For me, the finest gourmet pleasures in France are cheese and wine, but there's an art to pairing the two. I'm a bit of a foodie, and I love knowing how to put together flavours to create great tasting dishes, but I've always struggled with cheese and wine. There are many great cookery classes throughout France, and I jumped at the chance to learn how to pair my favourite cheeses with my favourite wines. With France only 30 minutes away with Eurotunnel Le Shuttle, I'd recommend fitting in a French culinary class on your 2014 holiday.
White Wine and Cheese
Traditionally produced French cheeses make the perfect companion to wines and I love to enjoy mine on holiday after a busy day of sightseeing. Lighter white wines have lower levels of tannin so won't overwhelm the flavours in the cheese. An ideal pairing would be a white grape grown in Alsace, the northeast winemaking region of France, teamed with muenster cheese - delicious! Another winning combination is the tangy chevre cheese with a dry white wine from the Loire Valley region of France.
Have you ever tried a fresh goat cheese with Sancerre or Bordeaux? Chateau Magence Graves Blanc is a crisp white wine with floral and citrus notes that best suit artisan cheeses such as bucherondin, a soft goat's cheese with a dense and creamy texture. Another popular suitor is Petit Basque, a creamy sheep's milk cheese with sweet overtones, produced by the Lactalis family in Laval, Mayenne, France's western region.
Red Wine and Cheese
If you prefer red wine then it's important to remember that the older, fruitier and less tannic it is, the better it will pair with a creamy wedge of cheese. A tart red wine like Chateau Le Touzinard Bordeaux Rouge is a combination of cherries and cranberries with a hint of black olive, menthol and oak. This type of wine pairs beautifully with an aged, sweet and nutty comte cheese which hails from the Jura Mountains in eastern France, where it is pasteurised to the highest standards.
Creamy cheese like blue d'Auvergne and Montrachet from Burgundy go well with an earthy flavoured red wine, such as Bordeaux. You can try matured goats cheeses with sweeter wines such as Maury, Sauternes or a strong Rhone Valley red.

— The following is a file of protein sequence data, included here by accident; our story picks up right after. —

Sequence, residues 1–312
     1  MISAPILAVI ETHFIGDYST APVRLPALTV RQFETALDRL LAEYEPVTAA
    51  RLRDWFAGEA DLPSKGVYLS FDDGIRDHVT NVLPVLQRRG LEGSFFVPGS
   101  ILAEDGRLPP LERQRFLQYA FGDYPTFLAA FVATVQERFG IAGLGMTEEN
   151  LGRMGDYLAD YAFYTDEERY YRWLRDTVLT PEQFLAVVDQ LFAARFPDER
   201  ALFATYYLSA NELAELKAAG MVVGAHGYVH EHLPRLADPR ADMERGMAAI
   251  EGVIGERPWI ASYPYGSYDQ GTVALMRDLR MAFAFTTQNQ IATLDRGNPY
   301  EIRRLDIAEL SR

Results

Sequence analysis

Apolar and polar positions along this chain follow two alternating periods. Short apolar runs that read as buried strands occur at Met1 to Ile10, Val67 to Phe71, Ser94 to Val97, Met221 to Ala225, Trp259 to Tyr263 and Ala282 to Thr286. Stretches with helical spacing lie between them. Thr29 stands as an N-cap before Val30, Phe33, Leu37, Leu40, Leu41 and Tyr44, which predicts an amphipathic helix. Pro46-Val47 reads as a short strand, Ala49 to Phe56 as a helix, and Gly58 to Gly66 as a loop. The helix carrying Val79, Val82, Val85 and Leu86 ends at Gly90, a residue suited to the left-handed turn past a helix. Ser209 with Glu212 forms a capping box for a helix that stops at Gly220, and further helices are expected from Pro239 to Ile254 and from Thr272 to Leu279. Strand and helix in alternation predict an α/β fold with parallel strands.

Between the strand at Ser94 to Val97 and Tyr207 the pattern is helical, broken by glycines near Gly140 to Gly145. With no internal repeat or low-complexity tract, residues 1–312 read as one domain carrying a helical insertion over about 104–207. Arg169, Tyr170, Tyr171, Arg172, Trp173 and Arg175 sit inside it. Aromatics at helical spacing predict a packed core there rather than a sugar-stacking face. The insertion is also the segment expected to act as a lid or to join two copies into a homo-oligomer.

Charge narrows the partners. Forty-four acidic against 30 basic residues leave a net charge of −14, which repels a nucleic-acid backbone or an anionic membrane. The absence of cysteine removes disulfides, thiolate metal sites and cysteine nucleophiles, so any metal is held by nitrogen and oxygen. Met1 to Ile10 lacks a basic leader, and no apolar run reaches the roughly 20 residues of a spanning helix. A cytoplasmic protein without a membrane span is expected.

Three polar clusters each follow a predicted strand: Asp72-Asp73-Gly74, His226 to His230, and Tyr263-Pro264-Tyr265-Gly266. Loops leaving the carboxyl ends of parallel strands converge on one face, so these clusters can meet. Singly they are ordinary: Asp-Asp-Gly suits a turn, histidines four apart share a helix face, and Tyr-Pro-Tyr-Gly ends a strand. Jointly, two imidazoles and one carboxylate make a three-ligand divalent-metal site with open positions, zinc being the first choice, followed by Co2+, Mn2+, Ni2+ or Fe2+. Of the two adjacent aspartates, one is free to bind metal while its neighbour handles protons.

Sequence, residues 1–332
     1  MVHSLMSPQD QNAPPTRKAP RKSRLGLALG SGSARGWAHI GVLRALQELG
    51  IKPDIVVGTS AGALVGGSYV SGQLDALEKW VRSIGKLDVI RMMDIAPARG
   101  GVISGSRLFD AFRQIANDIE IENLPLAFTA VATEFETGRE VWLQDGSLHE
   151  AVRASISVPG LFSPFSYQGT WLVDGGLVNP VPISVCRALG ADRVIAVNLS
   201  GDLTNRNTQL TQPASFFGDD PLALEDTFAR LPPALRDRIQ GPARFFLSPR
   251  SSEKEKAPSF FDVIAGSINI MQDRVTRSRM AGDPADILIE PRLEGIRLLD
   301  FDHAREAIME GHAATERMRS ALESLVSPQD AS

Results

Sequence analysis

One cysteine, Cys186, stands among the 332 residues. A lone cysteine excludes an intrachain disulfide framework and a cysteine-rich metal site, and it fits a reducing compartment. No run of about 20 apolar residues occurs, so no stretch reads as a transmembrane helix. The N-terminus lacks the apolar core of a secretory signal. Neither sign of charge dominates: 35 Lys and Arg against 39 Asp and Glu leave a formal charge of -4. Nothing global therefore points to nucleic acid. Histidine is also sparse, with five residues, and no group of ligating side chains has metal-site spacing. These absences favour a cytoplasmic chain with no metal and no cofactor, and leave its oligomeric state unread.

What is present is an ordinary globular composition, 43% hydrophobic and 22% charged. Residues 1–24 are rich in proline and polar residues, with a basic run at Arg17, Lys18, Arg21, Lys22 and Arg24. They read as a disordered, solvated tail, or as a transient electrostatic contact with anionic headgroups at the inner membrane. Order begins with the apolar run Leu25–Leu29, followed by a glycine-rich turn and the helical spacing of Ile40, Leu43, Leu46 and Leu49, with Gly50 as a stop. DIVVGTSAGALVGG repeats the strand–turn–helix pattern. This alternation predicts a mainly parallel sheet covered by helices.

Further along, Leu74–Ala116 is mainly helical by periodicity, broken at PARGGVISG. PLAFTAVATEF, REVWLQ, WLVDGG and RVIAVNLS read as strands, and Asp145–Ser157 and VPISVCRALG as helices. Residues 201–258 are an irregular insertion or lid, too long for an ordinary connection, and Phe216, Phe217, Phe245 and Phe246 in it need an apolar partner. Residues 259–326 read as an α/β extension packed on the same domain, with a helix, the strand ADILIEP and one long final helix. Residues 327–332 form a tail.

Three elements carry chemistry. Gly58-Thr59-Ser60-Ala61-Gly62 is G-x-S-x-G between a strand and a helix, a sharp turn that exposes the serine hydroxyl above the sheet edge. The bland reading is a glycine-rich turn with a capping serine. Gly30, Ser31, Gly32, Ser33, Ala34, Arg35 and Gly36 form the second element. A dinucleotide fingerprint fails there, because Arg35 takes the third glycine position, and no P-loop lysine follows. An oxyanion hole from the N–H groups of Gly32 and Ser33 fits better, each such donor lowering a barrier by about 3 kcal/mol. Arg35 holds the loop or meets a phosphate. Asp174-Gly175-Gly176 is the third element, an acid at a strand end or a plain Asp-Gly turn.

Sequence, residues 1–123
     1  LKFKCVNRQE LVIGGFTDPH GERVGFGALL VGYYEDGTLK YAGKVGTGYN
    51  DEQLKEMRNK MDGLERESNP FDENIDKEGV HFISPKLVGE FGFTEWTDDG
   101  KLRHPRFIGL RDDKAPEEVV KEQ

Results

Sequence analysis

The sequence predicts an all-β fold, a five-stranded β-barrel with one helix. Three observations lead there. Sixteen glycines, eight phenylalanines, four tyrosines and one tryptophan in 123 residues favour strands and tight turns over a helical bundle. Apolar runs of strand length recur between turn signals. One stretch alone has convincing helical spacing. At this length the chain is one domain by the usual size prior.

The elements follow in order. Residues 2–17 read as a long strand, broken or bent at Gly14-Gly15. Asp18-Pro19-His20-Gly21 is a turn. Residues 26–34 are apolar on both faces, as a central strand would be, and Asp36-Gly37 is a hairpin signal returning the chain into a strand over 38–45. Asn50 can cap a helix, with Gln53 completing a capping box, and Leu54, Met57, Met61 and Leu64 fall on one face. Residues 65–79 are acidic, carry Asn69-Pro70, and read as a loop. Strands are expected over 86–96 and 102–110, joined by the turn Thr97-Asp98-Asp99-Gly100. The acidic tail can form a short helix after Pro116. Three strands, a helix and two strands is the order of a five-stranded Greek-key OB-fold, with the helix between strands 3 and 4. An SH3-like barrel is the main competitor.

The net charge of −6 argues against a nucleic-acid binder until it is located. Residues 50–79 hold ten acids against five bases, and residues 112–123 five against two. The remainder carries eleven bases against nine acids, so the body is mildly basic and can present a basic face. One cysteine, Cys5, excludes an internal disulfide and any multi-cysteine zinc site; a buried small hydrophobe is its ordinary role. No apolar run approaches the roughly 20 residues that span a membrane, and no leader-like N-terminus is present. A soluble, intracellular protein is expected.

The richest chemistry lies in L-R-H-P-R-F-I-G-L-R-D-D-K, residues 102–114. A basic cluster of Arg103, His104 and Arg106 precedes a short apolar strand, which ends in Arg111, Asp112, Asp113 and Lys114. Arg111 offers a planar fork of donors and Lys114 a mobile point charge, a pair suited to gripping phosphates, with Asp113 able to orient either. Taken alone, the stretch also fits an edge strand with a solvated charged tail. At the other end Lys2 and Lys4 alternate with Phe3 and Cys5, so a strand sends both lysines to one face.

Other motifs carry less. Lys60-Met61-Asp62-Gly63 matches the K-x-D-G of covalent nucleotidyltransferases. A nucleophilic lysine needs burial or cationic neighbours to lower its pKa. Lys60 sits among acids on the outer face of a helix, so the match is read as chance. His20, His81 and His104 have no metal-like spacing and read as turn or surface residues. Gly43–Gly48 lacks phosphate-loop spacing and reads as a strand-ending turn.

Why not check out
Slice of France
for a culinary tour? Or, travel south of Dijon, between Fixin and Gevrey Chambertin to see how cheese is made during the early mornings at a Gaugry factory. Discover how to combine the diverse flavours of French wine and cheese at a two-hour pairing session at Baud et Millet restaurant in
. There you'll learn about famous Bordeaux wine regions like Medoc, Saint-Emilion, Graves, Entre-Deux-Mers and Blaye - my favourite kind of lesson.
Take a master class at culinary arts centres like
Paris by Mouth
who run a range of tours and tastings, or join a two-hour
cheese and wine class
for 85 euros at Cook'n With Class. If you fancy something really fancy, then head over to
Le Cordon Bleu Paris
where food and wine pairing demonstrations are held.
century wine cellar
, near the Louvre, gives visitors an overview of various families of cheese produced in France and cheese slicing etiquette - you'll even get to take home a cheat sheet for all your tastings so you can recreate it at home.
If you still have room for more, drive north of Toulouse to visit the famous cheese village
I loved learning how to successfully pair great wines and cheeses, especially in such a beautiful country. If you're interested in learning more about cheese and wine pairing, France is a great place to start. It's only a quick journey with Eurotunnel Le Shuttle, and by the end of your trip you may even be a cheese and wine connoisseur.